My greatest anxiety for weeks after my son’s death was his salvation. It haunted me. But two dear editor friends within hours of each other quoted this same verse, and I accepted it as a sign from my Father that my mind is forever at rest on this matter: “Shall not the Judge of all the earth do right?” (Genesis 18:25). Of course He will! When we lose a loved one, we must learn to say, “It is finished,” and know that God will rightly judge. Too, some presume to know who is saved and who is lost. Because Chuck took his own life, there were some who told me that he would not be saved. My friend, only God knows what was on Chuck’s mind and heart that night. How cruel of these well-meaning Christians! It reminds me of the day I visited my bed-ridden and dying sister-in-law and she was in tears. She told me about the three women who came to comfort her. They told her that if she had enough faith she could be cured and get up and walk. I was outraged. It took me the whole afternoon to convince Dorothy that God doesn’t cure everybody. In fact, we all die! We talked about Paul and his thorn and God’s grace: “My grace is sufficient for you, for My strength is made perfect in weakness” (2 Corinthians 12:9).
This verse became very meaningful to me after both Dorothy’s and Chuck’s deaths. We wonder how we will manage after something enormous alters our life. Paul’s life was transformed on the Road to Damascus. I think in some ways sorrow is our road to Damascus. It fells us and makes us blind and then our kind Father tells us He will give us the grace to bear it, even though we will carry the scar to our grave. I knew that I would never forget my first-born; the scar of remembrance would be there as scars from surgeries I’ve had. But I also knew that I would recover from the initial intense hurt, as I recovered from the surgeries. This thought really helped in the first months! I knew that God’s grace could not remove the scar, but the scar could, as Robert Schuller so eloquently puts it, become a star for me, to guide me in a kinder and gentler direction toward my hurting brothers and sisters. Another thought: those of us who have been gifted with the knowledge and love of God need a greater foundation. As a writer said, “The ship in the high wind needs plenty of ballast. When we build high we must also build low–the lofty building needs a deep foundation.” Sorrow builds the deep foundation as joy builds the high sails! God is shifting our ballast. He also promises an abundant provision of grace, for there are some circumstances in life that we cannot alter and that God does not see fit to alter.
Inward strength to endure is a great manifestation of the acceptance of God’s will and His grace. Outwardly we may be weary and heartbroken, but we can claim the promises of God and enjoy that inward peace that only God can give.
Adversities are God’s sieve to help us discover what is most important in our lives. Joseph Hall tells us, “The most generous vine, if not pruned, runs out into many superfluous stems, and grows at last weak and fruitless: so doth the best man if he be not cut short in his desires, and pruned with afflictions.” We don’t choose affliction, but it may be the only way God can redirect our lives.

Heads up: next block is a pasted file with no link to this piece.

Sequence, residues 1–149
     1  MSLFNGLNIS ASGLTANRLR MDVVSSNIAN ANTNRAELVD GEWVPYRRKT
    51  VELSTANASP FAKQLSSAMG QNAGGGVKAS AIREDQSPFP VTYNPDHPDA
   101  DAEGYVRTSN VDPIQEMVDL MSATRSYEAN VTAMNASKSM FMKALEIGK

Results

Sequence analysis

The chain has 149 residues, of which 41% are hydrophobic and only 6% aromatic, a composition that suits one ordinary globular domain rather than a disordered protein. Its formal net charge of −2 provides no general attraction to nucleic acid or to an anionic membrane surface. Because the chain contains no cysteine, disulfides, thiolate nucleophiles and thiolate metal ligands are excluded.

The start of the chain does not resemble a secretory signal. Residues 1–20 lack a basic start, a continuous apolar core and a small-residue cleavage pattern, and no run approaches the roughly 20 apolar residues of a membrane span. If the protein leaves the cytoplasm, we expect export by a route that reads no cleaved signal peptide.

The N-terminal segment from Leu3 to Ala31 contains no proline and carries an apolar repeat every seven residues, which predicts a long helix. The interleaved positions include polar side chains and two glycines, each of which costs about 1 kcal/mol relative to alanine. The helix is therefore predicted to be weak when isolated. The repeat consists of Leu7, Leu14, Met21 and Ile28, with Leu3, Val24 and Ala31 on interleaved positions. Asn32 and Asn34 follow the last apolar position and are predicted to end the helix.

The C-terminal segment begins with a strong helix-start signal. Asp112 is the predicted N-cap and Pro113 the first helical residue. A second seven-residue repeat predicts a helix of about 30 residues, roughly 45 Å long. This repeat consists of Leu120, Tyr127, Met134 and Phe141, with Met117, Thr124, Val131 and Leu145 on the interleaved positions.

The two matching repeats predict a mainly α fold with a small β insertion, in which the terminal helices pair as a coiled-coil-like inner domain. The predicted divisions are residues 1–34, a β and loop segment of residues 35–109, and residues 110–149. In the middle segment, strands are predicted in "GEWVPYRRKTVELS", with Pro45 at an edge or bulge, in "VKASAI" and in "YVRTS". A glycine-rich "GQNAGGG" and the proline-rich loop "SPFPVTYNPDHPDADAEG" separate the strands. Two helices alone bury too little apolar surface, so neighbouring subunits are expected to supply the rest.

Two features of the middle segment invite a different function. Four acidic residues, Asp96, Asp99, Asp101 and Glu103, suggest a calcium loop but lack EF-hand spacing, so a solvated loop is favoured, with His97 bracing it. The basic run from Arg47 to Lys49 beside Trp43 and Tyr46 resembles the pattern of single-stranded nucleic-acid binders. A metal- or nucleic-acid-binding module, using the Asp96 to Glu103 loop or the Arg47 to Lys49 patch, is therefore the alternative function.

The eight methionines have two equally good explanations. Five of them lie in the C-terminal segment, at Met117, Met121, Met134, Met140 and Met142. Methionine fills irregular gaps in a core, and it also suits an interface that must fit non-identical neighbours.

When a person is called to rest early in life, Isaiah 57:1 is of great solace: “Merciful men are taken away, while no one considers that the righteous is taken away from evil.” It is so difficult to accept the death of your child before he has had the opportunity to partake of life fully. I was told of a mother who prayed desperately that her son might recover from an automobile accident, refusing to accept the possibility that he might die. God answered her prayer, and the boy recovered. But his subsequent life was the tragedy. After years of causing his mother all kinds of grief, he was finally killed in a fight. Perhaps the mother should have simply prayed, “Thy will be done, Lord, and whatever is best I accept it, for I know You will give me the strength and grace to bear it.”
In unspeakable grief it is difficult to believe that the sun will shine again, that we will again be touched by the beauty of the flowers and the rainbow after the rain, that music will once again bring quietness of spirit. Often in overwhelming sorrow the very things that should comfort us only serve to bring even more sadness because they remind us that we shared them with our loved one.
When tragedy strikes suddenly, sleep can be impossible. I prayed to be spared nightmares, for Chuck’s scream etched deeply into my heart. My prayer was answered in a way that caused me to give thanks with an overflowing heart. At this point I want to share something with you that astonished me. The afternoon I received the letter from the publisher telling me he felt the Grief booklet would help many grieving people, I felt very tired, which was unusual. I never took naps then; I worked part-time and was very active. But that afternoon our precious God put me to sleep and gave me a gift.
In this wonderful day-dream I was in a room that was totally and purely white. It was as if I was compassed about with clouds but yet it was clearly a room. There were no windows or doors but I didn’t feel enclosed or restricted in any way. I wasn’t there long when Chuck walked through the cloud. He was so beautiful! I thought him to be about 33 (a figure I wondered about later, because he died just before his 20th birthday), tall which he was in life, and he had long reddish hair, and a beard and mustache, which he never sported in life. But what amazed me was his serenity. He smiled at me and then turned and went back through the cloud. No words were exchanged. I awoke immediately.